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Taste of Japan in central Moscow

Published time: December 11, 2012 16:21
Edited time: December 11, 2012 20:21

A Japanese aikido guru has held a masterclass in Moscow.

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A Japanese aikido guru has held a masterclass in Moscow to inspire students of the martial art which promotes peace and harmony.

Aikido is derived from the samurai fighting techniques of ancient Japan and started to extend its global appeal over the past two decades. Students are taught to use their attacker's aggression and power against them. This is done through the use of throws, joint locks and pins.

The Yoshikan style has the second largest aikido organization worldwide and is often called the hard style because of its hard training methods. It emphasizes self-defense techniques and is one of the martial arts taught to the Tokyo police.

So despite its physical demands, the aim of Yoshikan is not about attacking your opponent but restoring a state of calm as eighth dan master Takeniko Sonoda explains:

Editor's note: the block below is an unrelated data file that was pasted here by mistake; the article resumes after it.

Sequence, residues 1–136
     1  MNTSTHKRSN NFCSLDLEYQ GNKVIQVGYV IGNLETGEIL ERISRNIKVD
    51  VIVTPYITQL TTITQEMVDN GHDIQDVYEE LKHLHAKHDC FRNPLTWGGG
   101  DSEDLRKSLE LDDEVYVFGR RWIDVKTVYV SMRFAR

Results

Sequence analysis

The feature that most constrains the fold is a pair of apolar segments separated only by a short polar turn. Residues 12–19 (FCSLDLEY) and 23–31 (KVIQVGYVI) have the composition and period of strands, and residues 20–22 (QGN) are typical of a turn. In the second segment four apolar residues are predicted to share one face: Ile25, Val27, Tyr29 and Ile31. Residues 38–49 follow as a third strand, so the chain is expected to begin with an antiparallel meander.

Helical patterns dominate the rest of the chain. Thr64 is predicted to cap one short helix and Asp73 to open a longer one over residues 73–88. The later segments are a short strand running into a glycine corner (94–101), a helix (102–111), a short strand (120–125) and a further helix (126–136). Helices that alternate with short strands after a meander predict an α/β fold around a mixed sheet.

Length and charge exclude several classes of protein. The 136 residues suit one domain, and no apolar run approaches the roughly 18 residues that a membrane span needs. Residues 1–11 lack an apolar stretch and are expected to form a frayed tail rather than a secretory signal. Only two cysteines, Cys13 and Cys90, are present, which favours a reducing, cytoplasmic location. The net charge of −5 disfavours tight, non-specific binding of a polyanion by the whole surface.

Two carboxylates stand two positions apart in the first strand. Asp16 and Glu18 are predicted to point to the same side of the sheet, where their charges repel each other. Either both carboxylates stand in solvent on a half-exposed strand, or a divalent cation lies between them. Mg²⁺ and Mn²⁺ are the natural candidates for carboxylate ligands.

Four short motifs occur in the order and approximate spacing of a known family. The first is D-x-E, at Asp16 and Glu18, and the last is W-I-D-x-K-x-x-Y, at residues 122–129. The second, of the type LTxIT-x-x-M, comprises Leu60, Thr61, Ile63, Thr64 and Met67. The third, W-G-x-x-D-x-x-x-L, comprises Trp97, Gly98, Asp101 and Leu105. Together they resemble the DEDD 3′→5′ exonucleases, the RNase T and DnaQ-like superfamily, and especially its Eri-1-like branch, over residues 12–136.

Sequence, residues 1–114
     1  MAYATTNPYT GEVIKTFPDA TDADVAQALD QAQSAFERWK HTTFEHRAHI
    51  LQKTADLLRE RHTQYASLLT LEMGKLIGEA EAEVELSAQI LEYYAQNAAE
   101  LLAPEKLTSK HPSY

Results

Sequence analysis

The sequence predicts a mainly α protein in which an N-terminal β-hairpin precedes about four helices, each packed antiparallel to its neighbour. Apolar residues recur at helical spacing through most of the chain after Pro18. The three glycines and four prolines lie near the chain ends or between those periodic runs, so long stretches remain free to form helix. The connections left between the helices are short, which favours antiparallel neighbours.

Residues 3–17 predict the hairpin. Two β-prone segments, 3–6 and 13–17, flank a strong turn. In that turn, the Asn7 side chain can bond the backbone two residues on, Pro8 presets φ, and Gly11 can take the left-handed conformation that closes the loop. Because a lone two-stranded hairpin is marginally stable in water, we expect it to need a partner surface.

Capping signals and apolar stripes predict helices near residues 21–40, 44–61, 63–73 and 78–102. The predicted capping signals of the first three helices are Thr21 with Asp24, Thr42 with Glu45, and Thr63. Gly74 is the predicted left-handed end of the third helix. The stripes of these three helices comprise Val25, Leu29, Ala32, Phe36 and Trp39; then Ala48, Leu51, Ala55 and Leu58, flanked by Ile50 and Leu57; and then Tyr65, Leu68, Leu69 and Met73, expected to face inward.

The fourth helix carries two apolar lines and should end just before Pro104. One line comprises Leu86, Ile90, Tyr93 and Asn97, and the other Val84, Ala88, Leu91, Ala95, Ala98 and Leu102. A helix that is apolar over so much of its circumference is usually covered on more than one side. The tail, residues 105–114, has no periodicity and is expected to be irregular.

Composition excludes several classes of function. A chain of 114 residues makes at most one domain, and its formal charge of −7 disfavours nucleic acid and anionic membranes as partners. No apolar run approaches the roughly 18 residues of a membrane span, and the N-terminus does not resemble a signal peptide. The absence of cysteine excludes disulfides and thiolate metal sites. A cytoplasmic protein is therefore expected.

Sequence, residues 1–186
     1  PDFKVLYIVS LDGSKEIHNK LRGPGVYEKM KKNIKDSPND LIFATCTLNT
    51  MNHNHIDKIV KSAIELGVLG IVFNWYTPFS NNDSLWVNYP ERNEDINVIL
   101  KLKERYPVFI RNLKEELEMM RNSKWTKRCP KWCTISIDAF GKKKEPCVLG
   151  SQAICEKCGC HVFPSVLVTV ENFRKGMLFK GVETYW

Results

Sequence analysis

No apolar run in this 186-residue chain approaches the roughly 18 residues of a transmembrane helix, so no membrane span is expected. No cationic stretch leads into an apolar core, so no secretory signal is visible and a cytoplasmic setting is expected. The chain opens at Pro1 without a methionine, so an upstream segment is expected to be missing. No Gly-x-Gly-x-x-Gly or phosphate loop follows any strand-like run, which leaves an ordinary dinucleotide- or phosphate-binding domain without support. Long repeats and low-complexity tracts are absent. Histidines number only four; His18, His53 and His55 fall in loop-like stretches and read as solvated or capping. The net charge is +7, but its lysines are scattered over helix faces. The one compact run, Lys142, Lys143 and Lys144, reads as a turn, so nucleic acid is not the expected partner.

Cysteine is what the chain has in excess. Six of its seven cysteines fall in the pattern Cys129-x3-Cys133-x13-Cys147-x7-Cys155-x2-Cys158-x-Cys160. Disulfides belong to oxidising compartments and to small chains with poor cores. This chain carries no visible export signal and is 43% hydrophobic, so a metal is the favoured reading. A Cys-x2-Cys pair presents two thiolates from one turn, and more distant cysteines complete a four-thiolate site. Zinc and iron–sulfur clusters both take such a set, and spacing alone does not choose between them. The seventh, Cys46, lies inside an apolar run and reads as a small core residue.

“Every martial art's aim is not to fight. The aim is peace, because peace is very difficult to achieve. If we want to make peace we have to be strong, not only against the enemy, but strong inside ourselves.”

The dramatic nature of the moves means aikido can be adapted for Hollywood action films, which have helped spark a worldwide interest in the martial art.

“It happened when I was just ten years old, and I was very impressed by the aikido of Steven Segal, and this movie star impressed me very much. I tried to find something like this, where you can control your opponent very easily and do it very effectively,” says Viktor Rudakov an aikido practitioner.

Actor Steven Segal is a 7th dan black belt in aikido and is the first foreigner to operate a dojo or a training center in Japan. His films have helped make aikido more popular and attractive. Students of Yoshikan also value the philosophy behind the fighting.

“First of all, it's the spiritual development. Of course, the physical development is important because I have to keep fit, its one aspect, but the spiritual development is more important for me because when I understand that I develop my spirit and my mood and everything in me, inside and outside me, I think Yoshinkan is one of the best things in the world,” says the masterclass attendant Irina Senincheva.

Judging by the all round benefits these students can gain from such a demanding martial art it’s difficult to argue against that.

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